Moving Pictures
Jun 23, 2017, 09:32AM

Film Review: The Beguiled Shows Sofia Coppola at Her Best

A top-flight cast is winning in contained story. B

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Sofia Coppola’s had a sui generis career in Hollywood. She earned jeers for her inert, last-minute fill-in performance in her father’s The Godfather, Part III in 1990, before launching her directorial career a decade later with The Virgin Suicides in 1999 and the international hit Lost in Translation in 2003—two films a lot better than anyone was expecting.

Coppola, pointed out over the years, has largely written what she knows—the plight of the over-privileged, especially young women. The director has stumbled more recently with Marie Antoinette, Somewhere and The Bling Ring—interesting failures all, but failures just the same.

But the now 46-year-old Coppola gets back on track with The Beguiled, a slow-burning Civil War drama/thriller that’s her best film in years, and earned Best Director honors at Cannes this spring.

Based on a Thomas P. Cullinan novel that was previously adapted as a film of the same name that starred Clint Eastwood in 1971, The Beguiled stars Colin Farrell as a wounded Union soldier convalescing at a Christian girls boarding school in the South in the later years of the Civil War. Farrell’s John McBurney is the only man in a house full of women, all of whom are horny for him and come up with reasons to pay visits to his room.

There’s the headmistress (Nicole Kidman), a teacher (Kirsten Dunst), a flirty teenager (Elle Fanning), and along with some younger girls (Oona Laurence, Angourie Rice, Emma Howard), their rivalry over the attentions of their male guest causes a tension that drives the movie for its first two-thirds.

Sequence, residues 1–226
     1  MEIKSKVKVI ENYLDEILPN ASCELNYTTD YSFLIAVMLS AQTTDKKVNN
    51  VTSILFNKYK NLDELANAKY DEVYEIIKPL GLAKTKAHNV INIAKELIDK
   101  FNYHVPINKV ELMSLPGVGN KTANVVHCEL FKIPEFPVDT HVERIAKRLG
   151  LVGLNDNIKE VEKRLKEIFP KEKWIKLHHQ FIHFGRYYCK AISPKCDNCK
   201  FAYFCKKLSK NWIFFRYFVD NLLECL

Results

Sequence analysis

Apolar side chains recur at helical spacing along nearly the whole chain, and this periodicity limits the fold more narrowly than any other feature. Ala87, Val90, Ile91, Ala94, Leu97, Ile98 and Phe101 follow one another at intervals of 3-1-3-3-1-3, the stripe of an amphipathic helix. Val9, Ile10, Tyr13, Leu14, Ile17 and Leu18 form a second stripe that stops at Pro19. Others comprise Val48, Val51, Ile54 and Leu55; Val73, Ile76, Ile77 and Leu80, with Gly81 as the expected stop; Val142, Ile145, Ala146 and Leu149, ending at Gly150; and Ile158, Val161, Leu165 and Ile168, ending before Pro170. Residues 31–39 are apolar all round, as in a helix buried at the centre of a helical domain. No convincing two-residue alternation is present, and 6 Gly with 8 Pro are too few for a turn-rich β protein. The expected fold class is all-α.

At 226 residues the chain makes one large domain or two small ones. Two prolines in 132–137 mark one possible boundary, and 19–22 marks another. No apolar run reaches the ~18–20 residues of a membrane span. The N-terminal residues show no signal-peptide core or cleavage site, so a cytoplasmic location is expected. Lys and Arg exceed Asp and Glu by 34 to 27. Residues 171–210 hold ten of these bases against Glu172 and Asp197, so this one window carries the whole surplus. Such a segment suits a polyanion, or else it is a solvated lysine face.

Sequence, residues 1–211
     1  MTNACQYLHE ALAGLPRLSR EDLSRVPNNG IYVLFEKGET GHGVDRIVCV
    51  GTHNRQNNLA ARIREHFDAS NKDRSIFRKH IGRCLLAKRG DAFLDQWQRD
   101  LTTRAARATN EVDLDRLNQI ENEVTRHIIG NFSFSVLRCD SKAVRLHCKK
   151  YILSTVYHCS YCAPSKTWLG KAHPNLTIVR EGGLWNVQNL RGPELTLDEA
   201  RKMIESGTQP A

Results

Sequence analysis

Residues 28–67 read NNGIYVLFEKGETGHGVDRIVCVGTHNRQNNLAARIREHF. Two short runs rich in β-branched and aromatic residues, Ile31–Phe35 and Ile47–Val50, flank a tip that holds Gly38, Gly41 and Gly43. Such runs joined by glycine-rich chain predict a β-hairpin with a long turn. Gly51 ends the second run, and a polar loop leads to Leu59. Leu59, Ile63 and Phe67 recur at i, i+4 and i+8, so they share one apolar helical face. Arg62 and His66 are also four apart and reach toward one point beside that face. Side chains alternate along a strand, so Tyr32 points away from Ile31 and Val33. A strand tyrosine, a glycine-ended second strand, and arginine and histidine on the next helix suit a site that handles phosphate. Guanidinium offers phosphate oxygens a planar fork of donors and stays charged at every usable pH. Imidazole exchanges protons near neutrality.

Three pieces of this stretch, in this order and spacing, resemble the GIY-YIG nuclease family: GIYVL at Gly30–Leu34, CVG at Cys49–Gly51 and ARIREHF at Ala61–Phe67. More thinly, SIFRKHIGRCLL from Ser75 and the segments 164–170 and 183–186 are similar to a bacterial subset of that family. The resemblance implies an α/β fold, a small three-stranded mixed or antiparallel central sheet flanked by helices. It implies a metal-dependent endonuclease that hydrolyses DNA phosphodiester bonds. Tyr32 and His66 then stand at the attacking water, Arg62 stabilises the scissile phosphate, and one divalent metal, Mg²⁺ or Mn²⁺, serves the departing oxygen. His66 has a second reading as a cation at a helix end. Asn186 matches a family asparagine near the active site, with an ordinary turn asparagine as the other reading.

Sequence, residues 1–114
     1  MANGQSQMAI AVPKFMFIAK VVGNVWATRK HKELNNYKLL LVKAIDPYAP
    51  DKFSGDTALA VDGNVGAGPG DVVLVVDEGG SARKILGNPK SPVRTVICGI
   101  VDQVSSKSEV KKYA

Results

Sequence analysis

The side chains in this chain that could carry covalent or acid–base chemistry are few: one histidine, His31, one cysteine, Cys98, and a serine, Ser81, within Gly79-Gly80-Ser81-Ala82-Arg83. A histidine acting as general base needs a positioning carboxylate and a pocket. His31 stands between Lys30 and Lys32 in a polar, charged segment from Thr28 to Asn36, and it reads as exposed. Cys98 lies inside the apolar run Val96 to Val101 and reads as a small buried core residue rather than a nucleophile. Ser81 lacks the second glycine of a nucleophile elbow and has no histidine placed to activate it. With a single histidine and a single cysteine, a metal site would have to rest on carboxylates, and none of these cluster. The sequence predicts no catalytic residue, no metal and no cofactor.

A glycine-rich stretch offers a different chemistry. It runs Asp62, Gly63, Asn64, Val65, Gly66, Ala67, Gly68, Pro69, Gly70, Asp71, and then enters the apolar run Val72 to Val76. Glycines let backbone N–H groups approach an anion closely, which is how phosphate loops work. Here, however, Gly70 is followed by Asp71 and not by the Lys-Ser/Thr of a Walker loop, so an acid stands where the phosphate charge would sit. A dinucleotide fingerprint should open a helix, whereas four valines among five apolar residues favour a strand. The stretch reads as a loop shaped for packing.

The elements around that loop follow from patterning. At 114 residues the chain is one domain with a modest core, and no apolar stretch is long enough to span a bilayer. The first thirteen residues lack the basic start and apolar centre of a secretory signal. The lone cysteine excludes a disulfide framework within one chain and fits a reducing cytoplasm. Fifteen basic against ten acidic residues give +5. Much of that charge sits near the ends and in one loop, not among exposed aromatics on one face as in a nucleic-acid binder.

Coppola is telling a smaller, more contained story than she typically does, and she makes the transition quite well. And that’s thanks in large part to a top-flight, mostly female cast. The film doesn’t quite keep up the momentum until the end, and the conclusion is anti-climactic. The Beguiled is also somewhat divorced from the politics of the Civil War, and even subtracted a slave character from the original film. That decision is defensible; that character might have overwhelmed the storytelling of the film had it been included.

The cast is full of performers who’ve had serious resurgences in the last couple of years. Farrell’s career was in oblivion not too long ago, but he came roaring back last year with The Lobster and now The Beguiled, which represents one of his best turns on screen to date. Kidman’s been on a serious role with Lion and Big Little Lies and Dunst, who disappeared for awhile after her amazing performance in Melancholia, is terrific, reuniting with her director from Virgin Suicides and Marie Antoinette.

Coppola was supposedly going to direct a live-action version of The Little Mermaid; this is much better. Remaking The Beguiled was more a risk, but it's one that’s paid off. 


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